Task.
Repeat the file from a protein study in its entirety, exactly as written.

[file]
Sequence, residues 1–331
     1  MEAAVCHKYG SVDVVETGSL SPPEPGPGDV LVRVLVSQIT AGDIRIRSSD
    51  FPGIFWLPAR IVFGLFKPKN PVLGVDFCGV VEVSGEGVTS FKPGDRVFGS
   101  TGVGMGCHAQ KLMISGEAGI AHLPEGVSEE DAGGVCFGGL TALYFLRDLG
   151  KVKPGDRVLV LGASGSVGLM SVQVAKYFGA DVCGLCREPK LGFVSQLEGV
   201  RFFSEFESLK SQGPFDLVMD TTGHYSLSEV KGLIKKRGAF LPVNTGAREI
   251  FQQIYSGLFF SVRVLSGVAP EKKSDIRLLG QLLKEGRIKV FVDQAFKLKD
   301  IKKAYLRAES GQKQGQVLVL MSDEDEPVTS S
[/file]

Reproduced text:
Sequence, residues 1–331
     1  MEAAVCHKYG SVDVVETGSL SPPEPGPGDV LVRVLVSQIT AGDIRIRSSD
    51  FPGIFWLPAR IVFGLFKPKN PVLGVDFCGV VEVSGEGVTS FKPGDRVFGS
   101  TGVGMGCHAQ KLMISGEAGI AHLPEGVSEE DAGGVCFGGL TALYFLRDLG
   151  KVKPGDRVLV LGASGSVGLM SVQVAKYFGA DVCGLCREPK LGFVSQLEGV
   201  RFFSEFESLK SQGPFDLVMD TTGHYSLSEV KGLIKKRGAF LPVNTGAREI
   251  FQQIYSGLFF SVRVLSGVAP EKKSDIRLLG QLLKEGRIKV FVDQAFKLKD
   301  IKKAYLRAES GQKQGQVLVL MSDEDEPVTS S